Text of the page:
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by nmgolfer © 12/12/2008



I presume that the clubhead must have a finite amount of weight so that the clubface doesn't deform at impact. Presuming that the clubface is sufficiently rigid, you are presumably stating that additional clubhead weight and/or additional push-pressure thrust exerted by the golfer has no effect on ball flight distance (other than its effect on clubhead speed at impact). Is that correct?

What about the possibility of clubhead acceleration through impact due to drive loading in a hitter's action. In your mathematical model, you are presuming that clubhead speed remains constant for the entire duration of ball-clubface contact in both situations. However, wouldn't increased drive loading (thrust force = push-force) allow the clubhead to continue to accelerate while it remains in contact with the ball for a duration of 1/4000 second? A hitter is not simply applying increased mass behind his drive loading action - he is also thrusting and accelerating the club through the impact zone.


Science requires precision of thought and expression. If we allow the language to deteriorate we will lose our ability to express ideas and that would be a disaster. I shall strive to be precise in my language.


We weigh something to determine its mass. Its "weight" is a product of gravitational attraction times its mass. But did you know that on Earth the gravitational attraction varies from one location to the next? Its true. Metrology labs must account for local variations in the gravitational constant. Therefore weight varies depending apon location but its mass does not. Mass is the property that interests us.


Ball mass (Mb), club head mass (Ma), club head velocity (Vo) and coefficient of restitution (e) are the parameters which determine the initial velocity (Vb) of the ball. Similarly it is not structural rigidity per se (of the clubface) but the coefficient of restitution (also called COR) of the impact that matters.

The golf ball can be thought of as a lossy non-linear spring. Its lossy because not all of the energy that goes into compressing it is retreivable during the restitution (or expansion) phase. Some of that energy gets turned into heat. Its also non-linear because the amount of force it takes to compress a golf ball varies with the amount of compression. If you'll notice the shape of the static compression curve shown in the figure is not straight in the hystersis loop figure below1.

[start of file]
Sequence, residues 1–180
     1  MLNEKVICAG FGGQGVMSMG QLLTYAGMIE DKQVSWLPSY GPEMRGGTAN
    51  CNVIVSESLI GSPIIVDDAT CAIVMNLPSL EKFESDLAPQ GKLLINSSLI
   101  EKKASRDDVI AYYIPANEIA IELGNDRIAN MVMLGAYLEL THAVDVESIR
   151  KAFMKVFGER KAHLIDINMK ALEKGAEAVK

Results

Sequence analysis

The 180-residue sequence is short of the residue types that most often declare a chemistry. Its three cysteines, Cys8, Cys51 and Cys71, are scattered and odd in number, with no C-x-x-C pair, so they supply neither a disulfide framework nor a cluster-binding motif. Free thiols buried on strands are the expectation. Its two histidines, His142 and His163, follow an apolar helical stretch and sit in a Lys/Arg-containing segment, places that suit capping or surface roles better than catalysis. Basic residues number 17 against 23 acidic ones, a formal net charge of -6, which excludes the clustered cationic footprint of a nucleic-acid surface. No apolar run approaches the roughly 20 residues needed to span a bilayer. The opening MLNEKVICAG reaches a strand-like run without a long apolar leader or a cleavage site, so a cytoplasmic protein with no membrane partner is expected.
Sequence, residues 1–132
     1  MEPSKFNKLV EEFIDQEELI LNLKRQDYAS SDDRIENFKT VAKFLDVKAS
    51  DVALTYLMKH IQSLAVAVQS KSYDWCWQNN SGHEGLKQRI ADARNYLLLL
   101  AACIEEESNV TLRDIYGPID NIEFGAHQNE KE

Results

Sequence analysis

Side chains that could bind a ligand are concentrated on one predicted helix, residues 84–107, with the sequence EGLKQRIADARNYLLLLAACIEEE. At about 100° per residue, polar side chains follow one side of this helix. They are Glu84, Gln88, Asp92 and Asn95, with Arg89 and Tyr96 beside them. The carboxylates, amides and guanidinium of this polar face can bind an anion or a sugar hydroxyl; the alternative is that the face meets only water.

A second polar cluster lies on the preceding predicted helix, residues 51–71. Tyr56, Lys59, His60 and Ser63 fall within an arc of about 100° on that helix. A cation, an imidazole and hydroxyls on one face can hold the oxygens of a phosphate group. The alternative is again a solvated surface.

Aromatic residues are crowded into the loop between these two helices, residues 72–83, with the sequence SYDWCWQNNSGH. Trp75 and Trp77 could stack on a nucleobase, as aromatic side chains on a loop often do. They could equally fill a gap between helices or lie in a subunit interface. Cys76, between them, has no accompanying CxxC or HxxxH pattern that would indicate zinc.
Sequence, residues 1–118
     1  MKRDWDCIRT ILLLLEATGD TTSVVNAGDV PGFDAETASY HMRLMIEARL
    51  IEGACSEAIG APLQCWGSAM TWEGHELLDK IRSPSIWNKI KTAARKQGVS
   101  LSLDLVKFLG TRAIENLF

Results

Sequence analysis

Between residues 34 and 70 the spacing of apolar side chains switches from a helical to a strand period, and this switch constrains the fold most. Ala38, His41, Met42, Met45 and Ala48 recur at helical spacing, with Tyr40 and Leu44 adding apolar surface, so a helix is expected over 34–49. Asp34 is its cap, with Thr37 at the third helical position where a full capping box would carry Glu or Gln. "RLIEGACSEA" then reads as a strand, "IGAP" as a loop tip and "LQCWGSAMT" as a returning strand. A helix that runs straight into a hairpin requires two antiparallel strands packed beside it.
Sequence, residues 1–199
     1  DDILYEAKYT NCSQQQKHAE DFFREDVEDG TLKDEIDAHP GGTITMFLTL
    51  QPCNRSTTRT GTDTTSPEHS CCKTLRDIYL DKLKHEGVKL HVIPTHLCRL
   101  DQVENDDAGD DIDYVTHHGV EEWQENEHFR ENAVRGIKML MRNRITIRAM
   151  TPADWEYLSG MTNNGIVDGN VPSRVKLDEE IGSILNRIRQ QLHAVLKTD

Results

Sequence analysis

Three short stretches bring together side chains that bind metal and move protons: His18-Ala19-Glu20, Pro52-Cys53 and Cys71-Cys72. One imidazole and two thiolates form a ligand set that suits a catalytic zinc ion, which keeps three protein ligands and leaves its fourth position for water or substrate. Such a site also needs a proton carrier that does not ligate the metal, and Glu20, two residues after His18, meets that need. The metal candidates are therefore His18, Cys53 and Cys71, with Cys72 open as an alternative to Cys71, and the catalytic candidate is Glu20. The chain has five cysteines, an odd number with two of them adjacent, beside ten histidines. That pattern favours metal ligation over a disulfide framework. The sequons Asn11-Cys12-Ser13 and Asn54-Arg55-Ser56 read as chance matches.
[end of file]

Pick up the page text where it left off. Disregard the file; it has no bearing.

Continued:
COR is a property of the collision not the ball or the clubface. COR varies with parameters such as velocity, temperature etc. For instance as all golfers instinctively know, the same swing (club head speed) will deliver different results depending on air temperature (elasticity of ball and to a lesser extent clubface).

To establish reasonable bounds and a fair playing field, the relevant parameters for both ball and driver as measured under specified test conditions are limited to not to be exceeded statistically determined maximum values by the game governing agencies. Of course equipment manufactures are always trying to game the system.

  • During the inelastic collision of the club face and ball some energy is lost (it gets converted to heat during the deformation), but momentum is conserved.

    COR is a measure of how much energy is lost. It is defined as the ratio of the relative speed after to the relatives speed before the collision. If you drop a golf ball on a hard surface, it will not rebound to the same height you dropped it from. This is because the collision of a golf ball with a hard surface is not elastic (its not inelastic either... it is something in between) , some energy is lost as the ball deforms. The amount of energy lost during the collision is E=(1-eo2).

    ΔE = mgΔh = mg (h1- h2) and the eo for the collision is: √(h2÷h1)


  • During the collision both ball and clubface experience a time varying force which is equal in magnitude but opposite in direction. We can estimate what that average force might be by calculating the impulse:

    d(MbV) = Favedt

    From Newtons first law, since we know that mass of the golf ball and the time it takes for the collision to happen, we can calculate the average force acting on (both) the club face and ball during the event. Lets assume the ball has an initial velocity of 150 mph (220 ft/sec) and it weighs: 0.1014 lbm. Furthermore lets assume that the total time elapsed (per Frank Thomas) from contact to departure is 0.00043 seconds or 1/2325 seconds. Then

    Fave = (0.1014x220)÷(0.00043x32.174) (lbm ft/sec)÷(sec lbm/slug )

    Fave = 1,612 lbf

    Now we see that, even for a slow swing speed, the average force acting on the club head during a collision is approaching a ton. The peak force is propably 2½ times greater. Any force a "hitter" can generated pales in comparison to the forces generated during the collision itself.

    A golfer cannot "apply mass" to the golf club. Mass is a property of the golf club and it does not change depending on how it gets swung. Yes… a golfer can accelerate a golf club before the collision, but his / her efforts during the collision cannot:

  • Prevent the club from drastically deccelerating
  • make the ball have a higher initial velocity

    By the time the collision takes place, the golfer has done everything he/she can do to effect the outcome of the shot.

    references: 1 The Bounce of a Ball, Rod Cross Physics Department, University of Sydney, 2006 Australia Am. J. Phys., Vol. 67, No. 3, March 1999

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